Greitens has admitted the affair, but denied any illegal activity.

He was elected governor in November 2016 after a campaign in which he highlighted his image as a former SEAL and devoted husband with two young sons.

Greitens also faces charges of improperly using the donor list of the charity he had founded in 2007, The Mission Continues, for his political campaign.

Greitens is accused of lying about the list in a consent order he signed in April 2017 with the Missouri Ethics Commission. In the order, he acknowledged using the list for political purposes but implied that it had been obtained by his campaign manager at the time. That former aide has said Greitens was responsible.

In Thursday’s remarks, Greitens contended that his chief offense – from his political enemies’ perspective – was in trying to revamp state government. He repeated what he viewed his successes in cutting state costs by selling off planes and cars, and in trimming regulations.

Greitens contended that his administration has cut more than 30,000 regulations so far, although he did not provide details.

Greitens made no mention of the controversies involving his use of non-profit groups to raise millions of dollars from unidentified donors. Some of that money has been used in ads to attack fellow Republicans in the General Assembly who have disagreed with the governor on various policy matters, including the low-income housing program.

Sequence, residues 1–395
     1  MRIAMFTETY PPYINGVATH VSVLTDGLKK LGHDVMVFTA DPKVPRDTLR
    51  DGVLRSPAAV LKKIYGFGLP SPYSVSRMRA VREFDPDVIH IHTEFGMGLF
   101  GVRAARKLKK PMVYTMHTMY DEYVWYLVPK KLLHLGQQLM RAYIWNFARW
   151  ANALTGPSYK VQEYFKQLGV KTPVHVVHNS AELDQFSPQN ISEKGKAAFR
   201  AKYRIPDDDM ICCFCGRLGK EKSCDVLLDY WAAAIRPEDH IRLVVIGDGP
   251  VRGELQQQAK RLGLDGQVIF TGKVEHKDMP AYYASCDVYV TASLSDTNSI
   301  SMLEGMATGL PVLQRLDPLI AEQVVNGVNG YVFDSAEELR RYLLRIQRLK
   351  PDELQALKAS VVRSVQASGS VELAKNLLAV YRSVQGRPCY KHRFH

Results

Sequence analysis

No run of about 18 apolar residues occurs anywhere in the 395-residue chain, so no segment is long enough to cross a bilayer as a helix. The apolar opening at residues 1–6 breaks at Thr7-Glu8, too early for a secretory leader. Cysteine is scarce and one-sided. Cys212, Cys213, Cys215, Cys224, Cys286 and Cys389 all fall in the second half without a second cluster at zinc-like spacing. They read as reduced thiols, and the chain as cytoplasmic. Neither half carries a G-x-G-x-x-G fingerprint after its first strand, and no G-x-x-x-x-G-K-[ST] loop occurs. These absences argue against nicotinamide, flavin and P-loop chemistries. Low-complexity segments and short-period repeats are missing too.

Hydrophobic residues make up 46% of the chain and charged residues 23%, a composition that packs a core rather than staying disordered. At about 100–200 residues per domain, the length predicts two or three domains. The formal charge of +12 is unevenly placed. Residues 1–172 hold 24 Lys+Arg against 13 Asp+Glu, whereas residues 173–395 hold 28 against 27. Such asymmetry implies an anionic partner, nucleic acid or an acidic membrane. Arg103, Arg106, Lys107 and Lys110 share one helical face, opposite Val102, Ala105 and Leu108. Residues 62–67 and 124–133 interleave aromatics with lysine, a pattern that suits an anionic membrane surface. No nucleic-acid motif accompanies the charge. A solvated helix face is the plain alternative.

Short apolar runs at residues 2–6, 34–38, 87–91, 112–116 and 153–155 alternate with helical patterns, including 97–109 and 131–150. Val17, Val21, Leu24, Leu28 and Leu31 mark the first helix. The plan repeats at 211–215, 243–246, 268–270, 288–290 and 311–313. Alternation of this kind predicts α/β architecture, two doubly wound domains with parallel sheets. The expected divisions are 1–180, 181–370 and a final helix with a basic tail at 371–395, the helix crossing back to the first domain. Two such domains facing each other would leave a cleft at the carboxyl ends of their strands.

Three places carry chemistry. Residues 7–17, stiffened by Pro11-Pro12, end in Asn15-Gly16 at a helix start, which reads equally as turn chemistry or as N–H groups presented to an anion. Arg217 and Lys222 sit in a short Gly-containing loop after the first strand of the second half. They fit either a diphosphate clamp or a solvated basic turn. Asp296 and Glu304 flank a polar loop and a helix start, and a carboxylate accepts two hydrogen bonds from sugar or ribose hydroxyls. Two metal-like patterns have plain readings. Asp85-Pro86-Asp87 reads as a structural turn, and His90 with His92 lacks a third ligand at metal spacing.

Greitens laced his speech with recollections of his days as a Navy SEAL. That record also is under scrutiny. The New Yorker magazine released this week an article that raises questions about his military service and his promotion of his past as a SEAL.

Watkins speaks out on cash payments

Both detractors and supporters of Greitens have long suspected the revelation in January of his affair was linked to his decision to end state low-income housing tax credits.

Attorney Al Watkins speaks with reporters outside the Carnahan Courthouse in downtown St. Louis following a hearing on March 26, 2018.
Credit File photo I Carolina Hidalgo | St. Louis Public Radio
Attorney Al Watkins speaks with reporters outside the Carnahan Courthouse in downtown St. Louis following a hearing on March 26, 2018.

Al Watkins, who represented the ex-husband who exposed the affair on KMOV, has said he started getting a wave of media inquiries about the situation around the time Greitens froze the tax credit. And Missouri Times publisher Scott Faughn delivered tens of thousands of dollars to Watkins before the KMOV story came out.

Faughn has deep ties to people associated with low-income housing tax credits. For instance: Sterling Bank, which is involved with low-income housing tax credits, is a sponsor for Faughn’s television program. And the Missouri Times has run critical articles of Greitens’ decision to halt the state tax credit.

In an interview on Thursday, Watkins said Faughn “made it really clear that there was a wealthy, Republican donor who had an ax to grind with the governor. And he described it as being ‘personal.’” Faughn has said previously that it was his money that he gave to Watkins.